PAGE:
George Woodman, "19 Artists—Emergent Americans," The Solomon R. Guggenheim Museum, New York, 1981: From the Archives...

Forty-one years ago, 19 Artists—Emergent Americans was presented at the Solomon R. Guggenheim Museum in New York featuring seven paintings by George Woodman, among work by eighteen of his contemporaries including Barbara Kruger, Guy de Cointet, and Manny Farber. The exhibition reflected curator Peter Frank’s desire to present the artists’ work as a series of small retrospectives. “What I have sought to assemble at the Guggenheim Museum is the skilled and confident visual articulation of engrossing ideas by individuals who have not been sufficiently recognized for their accomplishment,” he wrote.

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A note to say "Thank you"

Deep thanks to our friends and supporters whose generosity and insights made “Francesca Woodman: Alternate Stories” at Marian Goodman Gallery such a success: the talented Marian Goodman team; the scholars, curators and artists who shared their perceptive contributions to the video vignettes; the boundlessly inspiring Brooklyn Rail team and fellow panelists; the journalists and critics who wrote and spoke so movingly; the many viewers and followers for their continued interest in and openness to new facets of Woodman’s work. And to Francesca Woodman for creating a singular body of work that continues to captivate and invite. Wishing you all the happiest of holidays!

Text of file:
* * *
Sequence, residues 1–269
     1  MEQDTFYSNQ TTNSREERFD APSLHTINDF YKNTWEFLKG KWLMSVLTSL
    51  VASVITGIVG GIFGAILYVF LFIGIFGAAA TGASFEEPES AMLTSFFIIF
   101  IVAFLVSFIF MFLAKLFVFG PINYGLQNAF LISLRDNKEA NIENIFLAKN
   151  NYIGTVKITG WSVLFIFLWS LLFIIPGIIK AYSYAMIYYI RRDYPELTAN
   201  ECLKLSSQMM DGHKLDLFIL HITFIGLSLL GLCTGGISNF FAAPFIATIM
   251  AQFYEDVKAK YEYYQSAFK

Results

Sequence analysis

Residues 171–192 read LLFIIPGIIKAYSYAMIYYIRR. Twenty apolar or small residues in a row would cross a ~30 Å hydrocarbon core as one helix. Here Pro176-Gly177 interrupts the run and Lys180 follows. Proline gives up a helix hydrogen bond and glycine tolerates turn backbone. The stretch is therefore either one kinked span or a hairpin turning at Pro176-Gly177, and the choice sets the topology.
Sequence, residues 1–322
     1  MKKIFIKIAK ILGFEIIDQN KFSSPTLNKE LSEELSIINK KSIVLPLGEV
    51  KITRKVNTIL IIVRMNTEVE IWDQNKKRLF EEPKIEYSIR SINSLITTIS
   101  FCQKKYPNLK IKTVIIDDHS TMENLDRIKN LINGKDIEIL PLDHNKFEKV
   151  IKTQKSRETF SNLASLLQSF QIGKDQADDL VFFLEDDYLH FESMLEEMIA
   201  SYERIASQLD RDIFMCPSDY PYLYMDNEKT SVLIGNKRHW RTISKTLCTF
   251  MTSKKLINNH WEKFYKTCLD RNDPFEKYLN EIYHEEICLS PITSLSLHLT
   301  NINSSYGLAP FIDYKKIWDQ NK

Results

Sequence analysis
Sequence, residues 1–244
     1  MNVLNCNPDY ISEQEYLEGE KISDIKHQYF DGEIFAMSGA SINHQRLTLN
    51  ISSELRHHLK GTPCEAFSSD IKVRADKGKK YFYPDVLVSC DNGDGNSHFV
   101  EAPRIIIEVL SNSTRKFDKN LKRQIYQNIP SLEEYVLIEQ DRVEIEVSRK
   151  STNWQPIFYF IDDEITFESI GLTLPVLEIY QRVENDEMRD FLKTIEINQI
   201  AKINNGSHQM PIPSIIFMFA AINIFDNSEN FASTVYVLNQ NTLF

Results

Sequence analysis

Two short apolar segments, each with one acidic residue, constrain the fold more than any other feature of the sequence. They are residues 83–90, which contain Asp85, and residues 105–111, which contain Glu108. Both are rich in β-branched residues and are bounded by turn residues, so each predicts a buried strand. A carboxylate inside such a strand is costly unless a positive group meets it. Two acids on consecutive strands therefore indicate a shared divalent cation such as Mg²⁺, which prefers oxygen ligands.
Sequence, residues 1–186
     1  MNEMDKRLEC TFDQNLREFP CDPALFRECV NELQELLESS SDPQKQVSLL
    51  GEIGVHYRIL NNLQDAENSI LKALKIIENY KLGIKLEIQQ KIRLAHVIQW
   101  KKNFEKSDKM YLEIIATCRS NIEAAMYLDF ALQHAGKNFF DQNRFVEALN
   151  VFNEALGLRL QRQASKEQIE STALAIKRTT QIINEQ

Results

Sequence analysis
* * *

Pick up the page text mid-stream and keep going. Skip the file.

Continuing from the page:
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Elisabeth Sussman on the work of Francesca Woodman: "Francesca Woodman: Alternate Stories," Marian Goodman Gallery New York

On the occasion of "Francesca Woodman: Alternate Stories," Marian Goodman Gallery commissioned eight video vignettes by an array of art historians, curators, and artists, each whom brought their own perspective to Woodman’s work and the exhibition currently on view. In this video, Elisabeth Sussman, the Curator and Sondra Gilman Curator of Photography at the Whitney Museum of American Art, contextualizes Woodman's work within the framework of its era.

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"Alternate Stories: Francesca Woodman" Panel hosted by the Brooklyn Rail: "Francesca Woodman: Alternate Stories," Marian Goodman Gallery, New York